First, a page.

:sneaky2:

 

Here we go:

 

Lawyers Question Workplace Bullying Protection

 

Young Guy with High Functioning Autism Set on fire at work

 

Pretty much all bullying seems to have some sort of sexual undercurrent lately. And the fact its not just limited to schools or neighbourhoods, but happens inside what is supposed to be a civilized place of work, is just astounding, as its not just limited to children, but to adults who are in positions of power (teachers, superintendants, bosses). :cursing:

 

When I've had to delay getting DS' assessment, this has made me question, again, whether to get him assessed, :crying: I already freak out over everything, now I have to worry over this too. What if by taking him to the assessment place, I am putting in the position of the boy above? :crying: I've really had enough of the world, where's my bubble?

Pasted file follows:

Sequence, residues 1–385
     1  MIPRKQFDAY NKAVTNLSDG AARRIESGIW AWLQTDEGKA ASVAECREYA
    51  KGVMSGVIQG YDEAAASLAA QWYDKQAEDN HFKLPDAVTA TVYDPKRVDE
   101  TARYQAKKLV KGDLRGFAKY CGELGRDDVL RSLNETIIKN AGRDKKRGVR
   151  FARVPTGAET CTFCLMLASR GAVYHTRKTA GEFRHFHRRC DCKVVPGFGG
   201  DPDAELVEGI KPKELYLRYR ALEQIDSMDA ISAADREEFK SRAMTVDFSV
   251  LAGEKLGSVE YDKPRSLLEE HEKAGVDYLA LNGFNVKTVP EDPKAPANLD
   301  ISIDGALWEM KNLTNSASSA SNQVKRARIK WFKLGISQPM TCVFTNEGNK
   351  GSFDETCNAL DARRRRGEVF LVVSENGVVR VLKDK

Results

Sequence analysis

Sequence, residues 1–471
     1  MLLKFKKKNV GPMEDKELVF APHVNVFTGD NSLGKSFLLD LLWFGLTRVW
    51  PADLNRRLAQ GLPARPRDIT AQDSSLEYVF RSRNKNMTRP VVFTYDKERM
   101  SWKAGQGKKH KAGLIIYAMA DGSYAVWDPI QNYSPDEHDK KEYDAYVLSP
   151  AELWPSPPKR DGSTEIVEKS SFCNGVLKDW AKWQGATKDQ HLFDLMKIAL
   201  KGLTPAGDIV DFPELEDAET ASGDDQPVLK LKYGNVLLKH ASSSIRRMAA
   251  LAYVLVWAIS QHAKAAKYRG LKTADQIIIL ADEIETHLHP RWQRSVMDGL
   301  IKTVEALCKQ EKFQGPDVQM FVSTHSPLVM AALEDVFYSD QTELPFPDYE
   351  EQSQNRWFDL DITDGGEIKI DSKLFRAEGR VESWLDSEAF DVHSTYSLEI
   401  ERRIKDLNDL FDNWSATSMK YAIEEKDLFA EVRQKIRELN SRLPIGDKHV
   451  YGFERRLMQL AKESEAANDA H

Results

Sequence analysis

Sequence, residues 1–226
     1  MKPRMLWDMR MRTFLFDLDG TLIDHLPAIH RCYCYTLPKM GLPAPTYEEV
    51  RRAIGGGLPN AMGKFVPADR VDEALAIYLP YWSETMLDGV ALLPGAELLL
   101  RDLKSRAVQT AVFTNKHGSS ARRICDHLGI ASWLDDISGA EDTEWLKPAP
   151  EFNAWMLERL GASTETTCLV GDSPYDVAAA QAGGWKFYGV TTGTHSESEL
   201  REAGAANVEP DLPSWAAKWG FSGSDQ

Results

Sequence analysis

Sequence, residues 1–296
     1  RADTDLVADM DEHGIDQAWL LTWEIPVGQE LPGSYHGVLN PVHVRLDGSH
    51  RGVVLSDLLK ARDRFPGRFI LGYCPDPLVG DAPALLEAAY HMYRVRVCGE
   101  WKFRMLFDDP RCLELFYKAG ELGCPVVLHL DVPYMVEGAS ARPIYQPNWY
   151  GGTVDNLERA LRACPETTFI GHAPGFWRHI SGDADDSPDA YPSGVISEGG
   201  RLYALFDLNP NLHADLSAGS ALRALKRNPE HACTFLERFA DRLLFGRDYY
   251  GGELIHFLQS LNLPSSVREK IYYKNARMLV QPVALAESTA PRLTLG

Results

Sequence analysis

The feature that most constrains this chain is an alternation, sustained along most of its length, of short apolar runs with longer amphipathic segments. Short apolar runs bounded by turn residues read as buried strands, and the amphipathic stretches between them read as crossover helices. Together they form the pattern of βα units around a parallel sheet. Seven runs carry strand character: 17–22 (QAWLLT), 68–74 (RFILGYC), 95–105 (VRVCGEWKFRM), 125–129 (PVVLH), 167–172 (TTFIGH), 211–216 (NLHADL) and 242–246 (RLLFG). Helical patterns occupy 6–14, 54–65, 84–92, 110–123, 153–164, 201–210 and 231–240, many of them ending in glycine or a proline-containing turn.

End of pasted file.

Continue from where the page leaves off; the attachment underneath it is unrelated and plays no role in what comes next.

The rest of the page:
And its most definitely not hazing its abuse. And it has to start being taken seriously. If i didn't have kids to take care of I would be flying over to these people and giving them a whats for.

 

:sneaky2:

 

As an ex-abused teen myself, I understand that something like this even "one little supposedly harmless (bull****) playful incident" can really affect the rest of a persons life. Yes, some children bounce back, and pull on thicker armour, BUT THEY SHOULDN'T HAVE TO. And a lot of children suffer and are never the same, even if the seem like they are fine.